> > >
> > > As I mentioned in the linked thread, waiting for process exit should
> > > work just like waiting for bytes to appear on a pipe. Process exit
> > > status is just another blob of bytes that a process might receive. A
> > > process exit handle ought to be just another information source. The
> > > reason the unix process API is so awful is that for whatever reason
> > > the original designers treated processes as some kind of special kind
> > > of resource instead of fitting them into the otherwise general-purpose
> > > unix data-handling API. Let's not repeat that mistake.
> > >
> > > > Something like this:
> > > >
> > > > evfd = eventfd(0, EFD_NONBLOCK | EFD_CLOEXEC);
> > > > // register eventfd to receive death notification
> > > > pidfd_wait(pid_to_kill, evfd);
> > > > // kill the process
> > > > pidfd_send_signal(pid_to_kill, ...)
> > > > // tend to other things
> > >
> > > Now you've lost me. pidfd_wait should return a *new* FD, not wire up
> > > an eventfd.
> > >
> 
> Ok, I probably misunderstood your post linked by Joel. I though your
> original proposal was based on being able to poll a file under
> /proc/pid and then you changed your mind to have a separate syscall
> which I assumed would be a blocking one to wait for process exit.
> Maybe you can describe the new interface you are thinking about in
> terms of userspace usage like I did above? Several lines of code would
> explain more than paragraphs of text.

Hey, Thanks Suren for the eventfd idea. I agree with Daniel on this. The idea
from Daniel here is to wait for process death and exit events by just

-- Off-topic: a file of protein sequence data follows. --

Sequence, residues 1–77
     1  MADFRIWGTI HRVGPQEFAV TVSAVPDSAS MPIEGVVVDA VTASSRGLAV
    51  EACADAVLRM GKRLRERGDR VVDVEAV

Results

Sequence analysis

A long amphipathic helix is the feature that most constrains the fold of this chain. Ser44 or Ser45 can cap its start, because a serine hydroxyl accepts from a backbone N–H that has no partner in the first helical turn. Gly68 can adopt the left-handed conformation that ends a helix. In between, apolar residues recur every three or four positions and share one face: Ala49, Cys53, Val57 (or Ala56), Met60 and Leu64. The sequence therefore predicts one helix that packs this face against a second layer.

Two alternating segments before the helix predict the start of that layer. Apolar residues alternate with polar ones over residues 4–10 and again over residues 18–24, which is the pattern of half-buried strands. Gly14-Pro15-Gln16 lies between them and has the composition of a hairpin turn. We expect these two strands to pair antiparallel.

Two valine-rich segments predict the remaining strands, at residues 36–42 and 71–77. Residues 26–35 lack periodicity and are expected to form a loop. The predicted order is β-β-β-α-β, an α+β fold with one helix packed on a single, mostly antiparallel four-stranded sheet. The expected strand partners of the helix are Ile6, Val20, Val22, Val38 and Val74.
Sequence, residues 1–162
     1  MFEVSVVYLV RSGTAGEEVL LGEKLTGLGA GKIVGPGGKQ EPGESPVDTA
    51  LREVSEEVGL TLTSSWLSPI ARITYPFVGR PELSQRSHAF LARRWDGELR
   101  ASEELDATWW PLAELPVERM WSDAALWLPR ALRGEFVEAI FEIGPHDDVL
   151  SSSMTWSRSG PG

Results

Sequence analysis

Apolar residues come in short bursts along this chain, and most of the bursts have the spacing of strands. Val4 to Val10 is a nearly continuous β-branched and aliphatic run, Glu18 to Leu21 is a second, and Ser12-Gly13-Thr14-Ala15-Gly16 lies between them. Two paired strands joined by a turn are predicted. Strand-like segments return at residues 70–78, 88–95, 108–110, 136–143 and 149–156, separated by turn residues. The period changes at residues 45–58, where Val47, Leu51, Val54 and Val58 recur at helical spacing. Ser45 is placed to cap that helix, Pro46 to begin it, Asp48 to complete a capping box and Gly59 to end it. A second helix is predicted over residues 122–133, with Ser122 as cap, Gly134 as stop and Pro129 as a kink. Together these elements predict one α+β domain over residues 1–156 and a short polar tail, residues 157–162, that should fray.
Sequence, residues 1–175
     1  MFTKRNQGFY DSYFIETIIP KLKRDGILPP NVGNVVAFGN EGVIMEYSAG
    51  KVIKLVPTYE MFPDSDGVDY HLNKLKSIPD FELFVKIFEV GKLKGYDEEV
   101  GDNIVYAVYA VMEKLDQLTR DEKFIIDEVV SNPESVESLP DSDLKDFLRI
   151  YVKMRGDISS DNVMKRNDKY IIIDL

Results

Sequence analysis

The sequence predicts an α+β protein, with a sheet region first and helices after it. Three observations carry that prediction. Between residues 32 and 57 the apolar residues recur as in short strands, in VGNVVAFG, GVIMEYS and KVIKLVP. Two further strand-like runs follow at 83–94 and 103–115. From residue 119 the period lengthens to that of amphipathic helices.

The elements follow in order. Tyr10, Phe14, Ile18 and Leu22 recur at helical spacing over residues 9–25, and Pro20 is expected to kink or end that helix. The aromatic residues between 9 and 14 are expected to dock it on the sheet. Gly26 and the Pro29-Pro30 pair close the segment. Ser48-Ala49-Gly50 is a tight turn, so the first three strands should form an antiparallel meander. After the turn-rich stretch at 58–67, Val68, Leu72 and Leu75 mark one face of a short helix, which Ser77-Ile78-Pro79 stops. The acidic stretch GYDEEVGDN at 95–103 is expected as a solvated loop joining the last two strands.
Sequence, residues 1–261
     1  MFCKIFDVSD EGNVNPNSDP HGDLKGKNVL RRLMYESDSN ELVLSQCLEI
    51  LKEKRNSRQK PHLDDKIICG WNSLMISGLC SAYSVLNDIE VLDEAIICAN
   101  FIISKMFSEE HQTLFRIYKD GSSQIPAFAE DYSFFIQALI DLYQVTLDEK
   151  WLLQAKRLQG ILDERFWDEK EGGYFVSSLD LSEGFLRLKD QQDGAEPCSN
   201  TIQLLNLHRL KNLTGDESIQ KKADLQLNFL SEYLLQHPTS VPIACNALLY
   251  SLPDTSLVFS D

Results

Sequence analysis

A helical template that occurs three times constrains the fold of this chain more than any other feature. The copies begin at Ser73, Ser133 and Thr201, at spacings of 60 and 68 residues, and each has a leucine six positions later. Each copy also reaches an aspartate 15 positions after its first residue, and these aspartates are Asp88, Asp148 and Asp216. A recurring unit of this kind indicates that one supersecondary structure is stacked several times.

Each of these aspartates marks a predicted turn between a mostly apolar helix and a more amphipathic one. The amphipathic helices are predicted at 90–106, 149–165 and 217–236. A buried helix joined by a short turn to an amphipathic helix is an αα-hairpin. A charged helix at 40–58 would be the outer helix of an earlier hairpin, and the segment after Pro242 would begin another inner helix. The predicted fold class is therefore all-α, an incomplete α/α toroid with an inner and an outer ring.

referring to a stable fd, independent of whatever is going on in /proc.

What is needed is something like this (in highly pseudo-code form):

pidfd = opendir("/proc/<pid>",..);
wait_fd = pidfd_wait(pidfd);
read or poll wait_fd (non-blocking or blocking whichever)

wait_fd will block until the task has either died or reaped. In both these
cases, it can return a suitable string such as "dead" or "reaped" although an
integer with some predefined meaning is also Ok.

What that guarantees is, even if the task's PID has been reused, or the task
has already died or already died + reaped, all of these events cannot race
with the code above and the information passed to the user is race-free and
stable / guaranteed.

An eventfd seems to not fit well, because AFAICS passing the raw PID to
eventfd as in your example would still race since the PID could have been
reused by another process by the time the eventfd is created.

Also Andy's idea in [1] seems to use poll flags to communicate various tihngs
which is still not as explicit about the PID's status so that's a poor API
choice compared to the explicit syscall.

I am planning to work on a prototype patch based on Daniel's idea and post something
soon (chatted with Daniel about it and will reference him in the posting as
well), during this posting I will also summarize all the previous discussions
and come up with some tests as well.  I hope to have something soon.

Let me know if I hit all the points correctly and I hope we are all on the
same page.

Thanks!

 - Joel

[1] http://lkml.iu.edu/hypermail//linux/kernel/1212.0/00808.html